15 May 2008

Neo-con ghosts attack Latin American people

Yet another trip to Bolivar Hall in Grafton Street last night for a meeting chaired by my amigo Gordon Hutchinson of the Venezuela Information Centre (VIC), I also try to support Hands Off Venezuela as well before you ask.

A Venezuelan Communist Party MP Carolus Wimmer spoke along with Labour MP Colin Burgon. I would have been interested to hear more about the Venezuelan Communist Party relationship to the PSUV, there was an insistence that the entire left merged into one mass party. The Communist Party as far as I know are now outside the PSUV but have an amicable relationship with it.

Carolus Wimmer is also vice-President of the Parliament of Latin America and gave good account of how socialism must be built on a participatory, democratic and grassroots basis. The message that
socialism cannot be top down and statist seems to have reached Communist Parties at least in Latin America, which to me is progress.

Colin Burgon spoke well, he was scathing about Dennis McShane, a former Labour Foreign Office Minister who seemed to back the coup against Chavez in 2002:

In Britain, Dennis McShane, the foreign office minister responsible for Latin America, described Chavez in the Times of London on Saturday as a "ranting, populist demagogue" and compared him to Mussolini.
On Sunday, McShane took a more subdued approach. "Last week's coup has failed. Any change of government in Venezuela as elsewhere in Latin America and the world should come about by democratic means," he said in a statement.

Colin Burgon obviously does a great job in difficult circumstances in challenging the right wing US led Labour Party foreign policy, he made it quite clear that the US hand is firmly up the Gordon Brown puppet. It was difficult for him to answer criticism over the Iraq War during the meeting. He claimed that a Conservative Government would have even worse foreign policies than 'El gordo'.

He was clear about how the US is being defeated by the wave of socialist and social democratic governments elected in Latin America. In Ecuador one of their major bases is being shut down and the new left government in Paraguay led by a former bishop is also likely to say ‘Yankees go home’.
The present Republican administration fearing that they may lose power in November are pouring money into opposition groups in the region. The strategy seems to be to support wealthy largely white regions to split away, the autonomy card will be used to destroy Bolivia and Burgeon noted that if anti-Chavez governors win elections this year, they may go for the same strategy.

As a Green I am all for more regional self-government but it must not be a tactic to destroy progressive states or a way of the rich cutting taxes declaring themselves ‘separate’..

In Santa Cruz the anti-Morales forces essentially want independence so they can sign deals with western energy corporations. Those of us who believe in the words of Cynthia that ‘leave the oil in the soil’ combat global warming have to acknowledge that the oil barons want to extract it as quickly as possible. Natural resource control is necessary to conservation.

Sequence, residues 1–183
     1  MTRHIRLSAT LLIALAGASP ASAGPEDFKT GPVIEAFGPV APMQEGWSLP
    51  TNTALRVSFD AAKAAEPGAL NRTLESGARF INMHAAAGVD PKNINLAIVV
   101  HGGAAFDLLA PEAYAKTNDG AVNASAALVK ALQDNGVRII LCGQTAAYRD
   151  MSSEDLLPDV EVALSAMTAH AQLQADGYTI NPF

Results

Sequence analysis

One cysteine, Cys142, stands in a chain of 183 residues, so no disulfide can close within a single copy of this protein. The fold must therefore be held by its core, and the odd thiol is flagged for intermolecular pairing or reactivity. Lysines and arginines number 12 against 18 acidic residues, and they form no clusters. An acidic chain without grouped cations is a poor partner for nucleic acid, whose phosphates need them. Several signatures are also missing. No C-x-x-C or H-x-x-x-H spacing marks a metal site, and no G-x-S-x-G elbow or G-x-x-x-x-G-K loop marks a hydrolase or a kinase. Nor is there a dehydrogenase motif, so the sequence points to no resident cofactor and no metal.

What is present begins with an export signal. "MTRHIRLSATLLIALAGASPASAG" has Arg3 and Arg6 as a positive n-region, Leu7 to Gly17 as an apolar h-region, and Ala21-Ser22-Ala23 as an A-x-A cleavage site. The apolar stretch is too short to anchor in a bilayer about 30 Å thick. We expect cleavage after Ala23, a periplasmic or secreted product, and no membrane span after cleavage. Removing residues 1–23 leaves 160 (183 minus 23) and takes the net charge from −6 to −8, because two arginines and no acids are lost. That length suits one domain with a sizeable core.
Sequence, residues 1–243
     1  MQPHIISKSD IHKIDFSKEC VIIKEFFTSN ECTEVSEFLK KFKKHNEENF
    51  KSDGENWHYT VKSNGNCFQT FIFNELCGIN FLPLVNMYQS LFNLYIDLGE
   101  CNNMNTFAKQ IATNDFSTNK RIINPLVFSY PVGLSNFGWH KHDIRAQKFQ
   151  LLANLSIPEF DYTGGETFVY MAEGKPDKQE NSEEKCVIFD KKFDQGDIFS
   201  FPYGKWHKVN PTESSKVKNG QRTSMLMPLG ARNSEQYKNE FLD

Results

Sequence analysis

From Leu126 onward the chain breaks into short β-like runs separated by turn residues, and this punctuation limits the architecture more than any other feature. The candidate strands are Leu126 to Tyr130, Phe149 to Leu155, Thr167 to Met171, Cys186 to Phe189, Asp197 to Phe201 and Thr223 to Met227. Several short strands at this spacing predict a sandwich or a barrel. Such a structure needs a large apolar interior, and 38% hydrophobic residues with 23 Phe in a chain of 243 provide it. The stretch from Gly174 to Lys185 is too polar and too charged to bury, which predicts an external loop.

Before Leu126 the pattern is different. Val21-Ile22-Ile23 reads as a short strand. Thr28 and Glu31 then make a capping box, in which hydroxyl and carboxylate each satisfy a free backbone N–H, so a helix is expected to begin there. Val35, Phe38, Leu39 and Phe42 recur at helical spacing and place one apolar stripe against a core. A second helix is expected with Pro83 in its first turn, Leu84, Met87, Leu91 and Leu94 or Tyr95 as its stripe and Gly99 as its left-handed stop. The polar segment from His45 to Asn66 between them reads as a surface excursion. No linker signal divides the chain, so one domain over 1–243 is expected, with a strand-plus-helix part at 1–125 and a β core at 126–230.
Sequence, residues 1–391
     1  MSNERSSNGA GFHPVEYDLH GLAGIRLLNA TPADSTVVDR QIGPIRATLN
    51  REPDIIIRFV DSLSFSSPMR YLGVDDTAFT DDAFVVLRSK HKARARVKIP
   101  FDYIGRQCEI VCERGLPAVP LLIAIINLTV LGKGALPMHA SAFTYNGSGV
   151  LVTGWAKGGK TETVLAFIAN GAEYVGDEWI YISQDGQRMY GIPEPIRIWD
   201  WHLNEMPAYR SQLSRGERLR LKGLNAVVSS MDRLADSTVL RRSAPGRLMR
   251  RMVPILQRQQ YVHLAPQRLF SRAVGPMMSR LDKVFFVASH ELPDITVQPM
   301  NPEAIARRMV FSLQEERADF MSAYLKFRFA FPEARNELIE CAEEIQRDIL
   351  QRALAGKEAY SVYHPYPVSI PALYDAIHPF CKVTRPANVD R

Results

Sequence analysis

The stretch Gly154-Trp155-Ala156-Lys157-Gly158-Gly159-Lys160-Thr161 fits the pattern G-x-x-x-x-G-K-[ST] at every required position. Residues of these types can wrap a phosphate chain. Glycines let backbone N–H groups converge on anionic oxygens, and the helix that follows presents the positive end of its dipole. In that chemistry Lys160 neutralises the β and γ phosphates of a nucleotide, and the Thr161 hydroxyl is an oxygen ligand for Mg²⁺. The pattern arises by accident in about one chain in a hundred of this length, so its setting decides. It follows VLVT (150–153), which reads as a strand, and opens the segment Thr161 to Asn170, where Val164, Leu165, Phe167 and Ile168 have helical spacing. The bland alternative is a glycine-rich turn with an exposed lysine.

An interesting meeting. What we need to do is to show solidarity with the diverse but innovative Latin American left and to see how the Bolivarian process can be extended to backward parts of the world like Britain.

I certainly think we on the left over here have more to learn from Venezuela, etc than they have from us!

We should certainly be supporting the Bolivia Solidarity Campaign. Here is there take on the right wing autonomy referendum :

On May 4 the oligarchy in Santa Cruz had prepared for a big celebration. Their dictatorial and "neo-liberal" autonomy was about to be "approved" - approved, that is, by the "people of Santa Cruz". The official results were that there was a victory for the "yes" vote with 85% and only 15% for the "no" vote. The ruling elite of Santa Cruz, Bolivia's economic centre, celebrated the result all night long. But behind the fine numbers, there is another reality:
• 40% boycotted the referendum, which has been declared illegal by the country's national electoral council;
• In several rural areas the autonomous statutes were rejected completely with the burning down of the voting centres and the setting up of street committees;
• In many rural areas 70% of the electorate abstained;
• In the second largest city of the Santa Cruz department (region), Montero, 60% of the electorate abstained and 12% voted "no";
• In the poorest barrio of Santa Cruz, "Plan 3000", with 200,000 inhabitants, there were violent clashes between poor workers and the armed groups of the Fascist youth organization Union Juvenil Crucenista. They left 25 people seriously injured and one dead;
• Everywhere huge electoral fraud was reported in this referendum which was not supervised by any international observers;
• In the remaining nine departments of the country there were giant Cabildos [assemblies] and demonstrations against the Santa Cruz oligarchy. In El Alto there were half a million on the streets. In La Paz there were more than 100,000. In Cochabamba also half a million, and in many other cities there were similar mass demonstrations - including in the two mining cities, Potosí and Oruro.

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